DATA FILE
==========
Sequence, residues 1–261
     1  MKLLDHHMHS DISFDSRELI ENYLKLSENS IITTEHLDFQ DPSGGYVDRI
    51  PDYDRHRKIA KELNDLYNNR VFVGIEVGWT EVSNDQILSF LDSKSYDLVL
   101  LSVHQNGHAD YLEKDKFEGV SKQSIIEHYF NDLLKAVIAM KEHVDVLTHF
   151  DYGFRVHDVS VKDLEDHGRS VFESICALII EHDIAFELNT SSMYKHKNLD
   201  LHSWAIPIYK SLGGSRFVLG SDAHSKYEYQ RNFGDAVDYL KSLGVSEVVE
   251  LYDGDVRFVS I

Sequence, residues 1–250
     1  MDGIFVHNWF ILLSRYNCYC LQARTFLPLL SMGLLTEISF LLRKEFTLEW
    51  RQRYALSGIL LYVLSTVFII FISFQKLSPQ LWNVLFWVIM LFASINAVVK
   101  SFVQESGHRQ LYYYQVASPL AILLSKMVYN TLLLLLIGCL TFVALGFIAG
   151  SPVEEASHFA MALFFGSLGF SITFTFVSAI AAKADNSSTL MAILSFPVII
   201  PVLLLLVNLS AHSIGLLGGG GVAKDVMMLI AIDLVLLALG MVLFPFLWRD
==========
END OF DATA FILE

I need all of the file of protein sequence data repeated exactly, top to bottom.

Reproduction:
Sequence, residues 1–261
     1  MKLLDHHMHS DISFDSRELI ENYLKLSENS IITTEHLDFQ DPSGGYVDRI
    51  PDYDRHRKIA KELNDLYNNR VFVGIEVGWT EVSNDQILSF LDSKSYDLVL
   101  LSVHQNGHAD YLEKDKFEGV SKQSIIEHYF NDLLKAVIAM KEHVDVLTHF
   151  DYGFRVHDVS VKDLEDHGRS VFESICALII EHDIAFELNT SSMYKHKNLD
   201  LHSWAIPIYK SLGGSRFVLG SDAHSKYEYQ RNFGDAVDYL KSLGVSEVVE
   251  LYDGDVRFVS I

Sequence, residues 1–250
     1  MDGIFVHNWF ILLSRYNCYC LQARTFLPLL SMGLLTEISF LLRKEFTLEW
    51  RQRYALSGIL LYVLSTVFII FISFQKLSPQ LWNVLFWVIM LFASINAVVK
   101  SFVQESGHRQ LYYYQVASPL AILLSKMVYN TLLLLLIGCL TFVALGFIAG
   151  SPVEEASHFA MALFFGSLGF SITFTFVSAI AAKADNSSTL MAILSFPVII
   201  PVLLLLVNLS AHSIGLLGGG GVAKDVMMLI AIDLVLLALG MVLFPFLWRD